Sense about Science ? equipping people to make sense of science and evidence
On Friday 8th April 2016, Sense About Science ran a Standing up for Science media workshop at the University of Manchester. We were joined by 40 early career researchers from diverse backgrounds and institutions.
The workshop kicked off with a panel of scientists presenting their experiences (both good and bad) of speaking to the media and the public about their research. Matthew Cobb recounted recent examples of speaking on BBC R4's Today programme and shared tips of how to make the most of media opportunities, eg writing down all key information to ensure the message you want to share gets across clearly and simply. He and Susanne Shultz both advocated being proactive about getting your story out there. Susanne noted that getting her name known in the media has led to many more opportunities, and she advised making the most of all of these. Mark Lorch described the benefit and impact of blogging and how to be creative when talking about science, for example his article on The Conversation: What does Spider-Man eat for breakfast? An engaged discussion followed with questions around how to communicate uncertainty and the process of science, tips for how to prepare for media experiences and the role of the press office in helping scientists share their research with the public.
Participants then split into groups to discuss what is good about the way the media report science, and what is bad. This fed into a lively second panel session, where participants put criticisms and questions directly to two journalists. Vic Gill, science journalist at the BBC, shared the pressures that journalists face each day and her process of picking a story and making it consumable. Her key advice, "You have to practice! Do public talks, get involved with science festivals and speak to local media." Akshat Rathi, the science and health reporter at Quartz, emphasised the importance of scientists being available: "If you're available, there's less chance journalists will get it wrong." He outlined how scientists can and should help journalists to tell science stories in a way that people can understand.
In a second session of group work, participants considered the obstacles that early career researchers face in standing up for science. They put their concerns to the final panel, who offered advice and tips about how these can be overcome. Jamie Brown, media relations officer at the University of Manchester, explained how press offices can support researchers to talk about their research, and urged researchers to get in touch in plenty of time when they have something to share. He outlined the importance of researchers doing so and the benefits it can have on society as well as on their research. Chris Peters, scientific liaison at Sense About Science talked about the Ask for Evidence campaign, and how scientists and members of the public alike should be able to request evidence for the claims they come across in order to hold to account those who are making decisions on our behalf. He also shared examples of campaigns that the VoYS network has run and how these VoYS members were able to make a real difference. Hayley Gorton, a VoYS member and researcher at the University of Manchester, described how a year ago she had been in the audience at a VoYS workshop, and noted the increasing number of initiatives she has been involved in since, including Pint of Science, Famelab, speaking at conferences and being an active RPS member. She encouraged all ECRs to make the time to get involved now and advised that the more you do, the more opportunities will follow.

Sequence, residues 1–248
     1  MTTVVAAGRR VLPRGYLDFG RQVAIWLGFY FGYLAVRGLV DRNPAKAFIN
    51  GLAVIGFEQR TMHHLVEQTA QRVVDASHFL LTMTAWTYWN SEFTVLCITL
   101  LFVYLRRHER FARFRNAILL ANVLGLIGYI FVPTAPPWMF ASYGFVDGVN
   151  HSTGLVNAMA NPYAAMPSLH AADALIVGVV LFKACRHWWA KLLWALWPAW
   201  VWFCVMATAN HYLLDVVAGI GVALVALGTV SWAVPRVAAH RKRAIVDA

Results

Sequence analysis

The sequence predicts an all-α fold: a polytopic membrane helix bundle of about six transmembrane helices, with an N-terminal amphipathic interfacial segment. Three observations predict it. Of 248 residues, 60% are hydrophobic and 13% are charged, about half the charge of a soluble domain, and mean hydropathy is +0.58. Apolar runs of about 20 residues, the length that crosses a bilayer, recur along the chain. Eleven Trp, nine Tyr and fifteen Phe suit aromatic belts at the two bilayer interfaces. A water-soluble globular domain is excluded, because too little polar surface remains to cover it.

More photos from the day are available on Facebook.
If you want to attend a future workshop, or are part of an organisation that would like to partner a Standing up for Science event, please email Joanne at jthomas[at]senseaboutscience.org.
Blogs and commentary by participants:
Caroline Wood, a member of the Society for Experimental Biology and a PhD student at the University of Sheffield, researches parasitic weeds that infect food crops. When she is not in the lab, she enjoys writing about science, blogging, painting (badly) and getting lost in the Peak District. Caroline wrote about the workshop on her personal blog.
With thanks to all our workshop partners:
Association for Clinical Biochemistry and Laboratory Medicine
The British Institute of Radiology
The Francis Crick Institute
Institute of Physics and Engineering in Medicine
Medical Research Council
Royal Meteorological Society
Royal Pharmaceutical Society
Society for Applied Microbiology
Society for Experimental Biology
University of Glasgow
University of Leeds
University of Manchester
University of Reading
University of St Andrews
University of Stirling
University of Warwick
Top tip 1: Ask for Evidence. If you’re being sold a product or asked to believe a claim then you deserve to know whether it’s based on evidence – or imagination.
Top tip 2: Detox. It’s a marketing myth – our body does it without pricey potions and detox diets.
Top tip 3: Superfood. There is no such thing, just foods that are high in some nutrients.
Top tip 4: Cleansing. You shouldn’t be trying to cleanse anything other than your skin or hair.
Top tip 5: If it sounds too good to be true… it probably is.